British authorities have recommended that the AstraZeneca Covid-19 vaccine not be given to adults under 30 where possible because of strengthening evidence that the shot may be linked to rare blood clots.
Regulators in the United Kingdom and the European Union emphasised that the benefits of receiving the vaccine continue to outweigh the risks for most people — even though the European Medicines Agency said it had found a "possible link" between the shot and the rare clots. British authorities recommended that people under 30 be offered alternatives to AstraZeneca but the EMA advised no such age restrictions, leaving it up to its member-countries to decide whether to limit its use.
The UK recommendation threatens Australia's vaccine rollout due to the country's reliance on the AstraZeneca vaccine, with the vast majority of Australians expected to be jabbed with the locally produced AZ shot this year.
Recommendations to restrict use of the vaccine could have flow-on effects in Australia, Prime Minister Scott Morrison said in a press conference yesterday. "There is always the conditioning factor right across the vaccination rollout of the medical advice," Morrison said. "There are no absolute guarantees when it comes to this. We will follow the medical advice. We will continue to ramp up production here in Australia. And we will continue to move through the distribution channels that can deliver the supply of vaccines that we have."
Australia's chief medical officer Brendan Murphy said that the cases of blood clots were extremely rare, but Australian officials were working closely to assess the risks.
"We are working very closely with our counterparts in UK who have now done well over 18 million doses of this vaccine, and in Europe that have done many million, to look at the data that they're getting from their signals and their regulatory bodies," Murphy said. "The benefit of vaccination outweighs any potential risk. But we are continually reviewing the situation."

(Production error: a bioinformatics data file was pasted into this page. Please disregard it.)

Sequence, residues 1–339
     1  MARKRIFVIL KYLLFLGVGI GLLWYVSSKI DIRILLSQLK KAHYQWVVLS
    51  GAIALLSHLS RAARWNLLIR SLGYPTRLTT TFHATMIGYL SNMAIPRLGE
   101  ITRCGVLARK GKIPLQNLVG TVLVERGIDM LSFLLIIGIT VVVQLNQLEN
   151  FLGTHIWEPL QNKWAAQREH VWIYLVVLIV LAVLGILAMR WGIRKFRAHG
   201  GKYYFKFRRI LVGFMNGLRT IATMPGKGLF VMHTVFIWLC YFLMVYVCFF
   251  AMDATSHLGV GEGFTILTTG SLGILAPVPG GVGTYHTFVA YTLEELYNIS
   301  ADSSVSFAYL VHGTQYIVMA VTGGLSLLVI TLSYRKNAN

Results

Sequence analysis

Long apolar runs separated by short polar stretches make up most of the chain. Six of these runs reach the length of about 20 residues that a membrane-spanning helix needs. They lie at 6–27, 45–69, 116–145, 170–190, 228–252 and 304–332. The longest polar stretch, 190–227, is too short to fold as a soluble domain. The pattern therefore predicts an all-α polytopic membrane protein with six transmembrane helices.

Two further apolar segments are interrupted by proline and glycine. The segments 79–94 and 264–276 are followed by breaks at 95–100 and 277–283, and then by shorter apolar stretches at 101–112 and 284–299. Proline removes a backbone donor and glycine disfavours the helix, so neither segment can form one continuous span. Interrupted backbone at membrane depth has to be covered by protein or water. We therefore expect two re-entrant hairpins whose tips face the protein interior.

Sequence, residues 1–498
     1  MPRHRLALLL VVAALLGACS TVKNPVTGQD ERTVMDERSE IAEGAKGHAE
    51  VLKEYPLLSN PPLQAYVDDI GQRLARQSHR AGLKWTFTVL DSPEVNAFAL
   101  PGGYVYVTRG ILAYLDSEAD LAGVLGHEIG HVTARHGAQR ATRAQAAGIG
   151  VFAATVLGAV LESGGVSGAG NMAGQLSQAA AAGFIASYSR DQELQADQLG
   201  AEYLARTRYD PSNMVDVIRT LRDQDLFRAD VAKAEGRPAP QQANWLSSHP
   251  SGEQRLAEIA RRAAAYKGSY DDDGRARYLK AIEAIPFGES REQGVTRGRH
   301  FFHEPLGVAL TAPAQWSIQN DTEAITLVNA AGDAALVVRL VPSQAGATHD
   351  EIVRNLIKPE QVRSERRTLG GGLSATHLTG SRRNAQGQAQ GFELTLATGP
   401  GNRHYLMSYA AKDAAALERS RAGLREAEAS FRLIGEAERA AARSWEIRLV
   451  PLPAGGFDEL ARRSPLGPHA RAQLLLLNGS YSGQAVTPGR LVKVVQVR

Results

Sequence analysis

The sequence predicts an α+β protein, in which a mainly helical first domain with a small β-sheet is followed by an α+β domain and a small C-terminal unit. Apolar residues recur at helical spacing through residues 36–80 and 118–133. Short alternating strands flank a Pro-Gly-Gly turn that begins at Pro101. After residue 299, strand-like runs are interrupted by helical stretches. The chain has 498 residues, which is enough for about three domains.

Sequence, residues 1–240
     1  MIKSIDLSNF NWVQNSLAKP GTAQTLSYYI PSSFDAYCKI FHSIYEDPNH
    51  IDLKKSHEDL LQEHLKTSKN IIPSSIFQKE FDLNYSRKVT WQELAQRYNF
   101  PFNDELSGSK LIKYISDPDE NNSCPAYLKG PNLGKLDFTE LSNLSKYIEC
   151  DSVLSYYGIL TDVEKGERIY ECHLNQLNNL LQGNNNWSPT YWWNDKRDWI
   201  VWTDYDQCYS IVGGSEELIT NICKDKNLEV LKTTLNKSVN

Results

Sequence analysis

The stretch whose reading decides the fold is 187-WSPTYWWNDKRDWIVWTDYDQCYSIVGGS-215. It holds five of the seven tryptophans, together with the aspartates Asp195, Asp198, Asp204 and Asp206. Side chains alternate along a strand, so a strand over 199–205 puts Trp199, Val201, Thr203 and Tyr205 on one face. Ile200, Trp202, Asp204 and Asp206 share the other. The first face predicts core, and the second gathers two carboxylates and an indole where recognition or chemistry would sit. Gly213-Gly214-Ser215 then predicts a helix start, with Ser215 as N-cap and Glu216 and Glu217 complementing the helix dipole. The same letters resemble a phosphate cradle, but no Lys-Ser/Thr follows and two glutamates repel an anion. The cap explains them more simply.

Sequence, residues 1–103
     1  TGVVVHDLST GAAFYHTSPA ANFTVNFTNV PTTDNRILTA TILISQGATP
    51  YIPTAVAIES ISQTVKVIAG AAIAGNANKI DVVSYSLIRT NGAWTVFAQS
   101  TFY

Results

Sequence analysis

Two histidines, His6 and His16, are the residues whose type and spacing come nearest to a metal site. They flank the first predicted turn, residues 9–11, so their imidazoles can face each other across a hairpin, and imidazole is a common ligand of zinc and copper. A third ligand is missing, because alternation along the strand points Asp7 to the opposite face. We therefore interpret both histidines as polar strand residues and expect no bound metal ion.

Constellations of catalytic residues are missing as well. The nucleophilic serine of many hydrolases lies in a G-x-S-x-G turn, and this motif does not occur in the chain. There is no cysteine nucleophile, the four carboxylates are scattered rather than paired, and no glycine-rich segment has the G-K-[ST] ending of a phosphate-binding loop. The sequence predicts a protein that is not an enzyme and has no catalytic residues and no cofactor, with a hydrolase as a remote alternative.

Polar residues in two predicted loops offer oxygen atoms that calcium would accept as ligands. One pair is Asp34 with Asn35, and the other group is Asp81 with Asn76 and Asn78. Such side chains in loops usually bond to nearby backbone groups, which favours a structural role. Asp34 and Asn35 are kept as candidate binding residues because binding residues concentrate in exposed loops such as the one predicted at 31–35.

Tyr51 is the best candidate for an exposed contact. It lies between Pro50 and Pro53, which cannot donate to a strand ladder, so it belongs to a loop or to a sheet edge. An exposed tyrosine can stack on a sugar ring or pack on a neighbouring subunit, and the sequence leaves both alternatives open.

EU and UK regulators held simultaneous news conferences Wednesday (local time) to announce the results of investigations into reports of blood clots that sparked concern about the rollout of the AstraZeneca vaccine.
The EU agency described the clots as "very rare" side effects. Dr Sabine Straus, chair of its Safety Committee, said the best data was from Germany, where there was one report of the clots for every 100,000 doses given, although she noted far fewer reports in the UK. Still, that's less than the clot risk that healthy women face from birth control pills, noted another expert, Dr Peter Arlett.
The agency said most of the cases reported were in women under 60 within two weeks of vaccination, though it was unable to identify specific risk factors based on current information. Experts reviewed several dozen cases that came mainly from Europe and the UK, where around 25 million people have received the AstraZeneca vaccine.
"The risk of mortality from Covid is much greater than the risk of mortality from these side effects," said Emer Cooke, the EMA's executive director. Arlett said there is no information suggesting an increased risk from the other major Covid-19 vaccines.
In a statement, AstraZeneca said both UK and EU regulators had requested their vaccine labels be updated to warn of these "extremely rare potential side effect[s]".